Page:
OCR for page 419
Watershed Management for Potable Water Supply: Assessing the New York City Strategy FIGURE 9-3 Relationships between impervious cover, phosphorus loads, and stormwater BMP performance in a typical watershed. The grey band indicates typical "background" phosphorus loads from undeveloped watersheds. The BMP-Hi line illustrates the effect of reducing phosphorus loads using BMPs with an average long-term removal rate of 60 percent. The BMP-Lo indicates a 40 percent removal rate. It should be noted that actual curves in individual watersheds may be different. For example, the contribution of new septic systems that accompany development to overall phosphorus loading is not represented by these curves. Source: Schueler (1996). Reprinted, with permission, from Center for Watershed Protection, 1996. © 1996 by Center for Watershed Protection. TABLE 9-8 Comparison of Mean Bacterial Removal Rates Achieved by Different Stormwater BMP Groups Bacterial Indicator Bacterial Removal Rate, % Ponds Sand Filters Swales Fecal Coliform 65% (n =9) 51% (n=9) –58% (n=5) Fecal Streptococci 73% (n =4) 58% (n=7) ND E. coli 51% (n=2) ND ND ND=not determined Source: Schueler (1999). Reprinted, with permission, from Center for Watershed Protection, 1999. © 1999 by Center for Watershed Protection.
OCR for page 420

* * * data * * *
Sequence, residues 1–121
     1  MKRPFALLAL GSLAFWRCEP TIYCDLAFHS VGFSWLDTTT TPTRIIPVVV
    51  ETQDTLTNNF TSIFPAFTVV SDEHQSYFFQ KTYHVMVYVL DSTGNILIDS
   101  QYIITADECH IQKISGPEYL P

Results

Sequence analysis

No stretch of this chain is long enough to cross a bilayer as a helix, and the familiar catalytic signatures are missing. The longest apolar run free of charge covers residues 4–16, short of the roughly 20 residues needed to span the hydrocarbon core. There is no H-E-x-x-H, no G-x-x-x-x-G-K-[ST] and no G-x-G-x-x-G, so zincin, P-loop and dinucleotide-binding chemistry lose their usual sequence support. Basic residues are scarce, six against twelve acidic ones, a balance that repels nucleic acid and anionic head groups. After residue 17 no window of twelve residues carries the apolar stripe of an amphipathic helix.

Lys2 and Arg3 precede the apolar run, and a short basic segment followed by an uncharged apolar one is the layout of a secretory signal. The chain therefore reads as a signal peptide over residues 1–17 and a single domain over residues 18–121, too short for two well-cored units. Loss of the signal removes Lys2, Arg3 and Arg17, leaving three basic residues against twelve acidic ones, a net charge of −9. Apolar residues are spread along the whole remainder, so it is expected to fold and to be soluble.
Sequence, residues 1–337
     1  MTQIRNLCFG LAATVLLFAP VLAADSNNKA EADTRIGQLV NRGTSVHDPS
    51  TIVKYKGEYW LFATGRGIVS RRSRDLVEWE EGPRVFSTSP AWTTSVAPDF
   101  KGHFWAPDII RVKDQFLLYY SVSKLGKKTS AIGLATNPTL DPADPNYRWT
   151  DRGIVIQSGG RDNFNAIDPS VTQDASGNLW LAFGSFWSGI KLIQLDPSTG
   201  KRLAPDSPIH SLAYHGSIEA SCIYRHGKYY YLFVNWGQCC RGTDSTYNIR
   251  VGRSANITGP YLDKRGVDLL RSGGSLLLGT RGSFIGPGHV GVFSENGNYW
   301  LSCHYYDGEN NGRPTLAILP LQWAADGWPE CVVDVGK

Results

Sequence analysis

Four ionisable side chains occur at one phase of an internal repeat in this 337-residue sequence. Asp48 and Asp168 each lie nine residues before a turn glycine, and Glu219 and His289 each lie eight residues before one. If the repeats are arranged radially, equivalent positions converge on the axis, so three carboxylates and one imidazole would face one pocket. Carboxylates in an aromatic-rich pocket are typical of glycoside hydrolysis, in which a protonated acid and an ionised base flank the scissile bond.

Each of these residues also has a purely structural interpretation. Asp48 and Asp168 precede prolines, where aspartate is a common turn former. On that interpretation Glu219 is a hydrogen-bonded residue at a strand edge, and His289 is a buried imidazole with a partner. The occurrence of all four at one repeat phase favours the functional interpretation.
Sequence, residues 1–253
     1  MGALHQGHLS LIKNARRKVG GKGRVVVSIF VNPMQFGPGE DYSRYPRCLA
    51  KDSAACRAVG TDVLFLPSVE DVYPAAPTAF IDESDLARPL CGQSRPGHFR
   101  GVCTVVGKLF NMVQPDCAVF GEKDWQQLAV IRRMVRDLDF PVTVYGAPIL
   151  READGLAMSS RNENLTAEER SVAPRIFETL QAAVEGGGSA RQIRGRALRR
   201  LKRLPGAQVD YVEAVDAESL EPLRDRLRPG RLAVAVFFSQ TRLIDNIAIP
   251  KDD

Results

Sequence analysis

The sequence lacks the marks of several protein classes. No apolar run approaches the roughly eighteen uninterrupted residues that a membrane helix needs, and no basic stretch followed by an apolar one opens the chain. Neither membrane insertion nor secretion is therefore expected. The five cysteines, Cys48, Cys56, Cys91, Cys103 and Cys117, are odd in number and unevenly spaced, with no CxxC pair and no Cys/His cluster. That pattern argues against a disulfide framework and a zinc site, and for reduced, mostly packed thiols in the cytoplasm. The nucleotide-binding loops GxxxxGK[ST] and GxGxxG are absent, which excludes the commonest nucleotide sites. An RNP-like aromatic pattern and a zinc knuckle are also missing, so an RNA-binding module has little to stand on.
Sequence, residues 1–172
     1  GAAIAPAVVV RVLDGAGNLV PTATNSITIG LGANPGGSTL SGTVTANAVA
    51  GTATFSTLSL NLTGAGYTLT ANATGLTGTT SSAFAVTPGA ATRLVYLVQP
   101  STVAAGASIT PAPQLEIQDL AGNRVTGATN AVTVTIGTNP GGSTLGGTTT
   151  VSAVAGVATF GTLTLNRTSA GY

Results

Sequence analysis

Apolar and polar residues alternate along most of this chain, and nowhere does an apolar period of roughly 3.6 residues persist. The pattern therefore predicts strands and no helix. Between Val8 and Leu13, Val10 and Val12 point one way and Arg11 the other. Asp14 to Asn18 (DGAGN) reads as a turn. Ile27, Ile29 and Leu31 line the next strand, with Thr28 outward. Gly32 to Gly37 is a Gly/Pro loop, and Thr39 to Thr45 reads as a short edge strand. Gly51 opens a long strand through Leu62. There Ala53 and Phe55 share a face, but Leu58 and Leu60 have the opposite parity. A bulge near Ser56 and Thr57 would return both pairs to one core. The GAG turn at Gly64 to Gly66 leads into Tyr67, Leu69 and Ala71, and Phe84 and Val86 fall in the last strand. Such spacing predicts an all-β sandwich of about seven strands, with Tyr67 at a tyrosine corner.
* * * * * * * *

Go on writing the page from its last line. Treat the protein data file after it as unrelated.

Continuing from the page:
Watershed Management for Potable Water Supply: Assessing the New York City Strategy removal fecal coliform bacteria, with zero or negative removal reported in four of the five studies. Pet wastes and in situ multiplication of bacteria were cited as the primary reason for the poor performance. No performance monitoring data are available to assess the capability of infiltration or wetland BMPs to remove coliforms. The limited data on fecal streptococcus and E. coli removal by stormwater BMPs are generally comparable to the more abundant fecal coliform data, suggesting that fecal coliform is a sufficient indicator of these organisms. There are no current monitoring data on Giardia, Cryptosporidium, or Salmonella removal by stormwater BMPs. Based on the mediocre effectiveness of BMP removal mechanisms for fecal coliforms, and the survivability of cysts and oocysts in sediments, the committee expects that it will be difficult to reliably remove the protozoan pathogens from urban runoff using traditional stormwater BMPs. In summary, current BMP technology is not capable of removing fecal coliform bacteria to meet the 200-CFU/100 mL standard in stormwater discharges, assuming a national average bacterial concentration in stormwater influent. If no net increase in bacterial concentrations in postdevelopment runoff is desired, it may be necessary to install stormwater BMPs at both current development projects as well as at older, neighboring development sites. As written, the SPPPs call for a level of BMP performance that simply cannot be met with current stormwater techniques at most highly developed sites. As discussed in detail in Chapter 8, the use of multiple BMPs in series at individual sites cannot reduce postdevelopment loadings below predevelopment levels. Acreage Requirements for Stormwater Quality Controls With some exceptions, the Watershed Rules and Regulations exempt development projects of less than five acres in size from the stormwater pollution prevention plan requirements4. Many kinds of small-scale industrial and commercial development are thus allowed to produce phosphorus and bacteria loads without treatment. Most states and localities that currently regulate stormwater discharges have a much lower threshold for stormwater requirements (usually less than one acre) (Watershed Management Institute, 1997). Although it is true that even very low-acreage thresholds (30,000 ft2) have been found to allow as much as 25 percent of stormwater to pass through untreated (Booth and Jackson, 1997), the efficacy of stormwater management will be markedly improved by lowering the current threshold from five acres to one acre. A one-acre threshold 4 SPPPs are also required, regardless of acreage, for construction of a subdivision; construction of an industrial, commercial, multifamily, or municipal project where more than 40,000 sq. ft. of impervious surface will be created; a landclearing or grading project involving two or more acres that are partially located on slopes greater than 15 percent or within setback distances from waterbodies; construction of an impervious surface in a village, hamlet, village extension, or area zoned for commercial or industrial uses West-of-Hudson; or construction of an impervious surface within a East-of-Hudson designated Main Street area.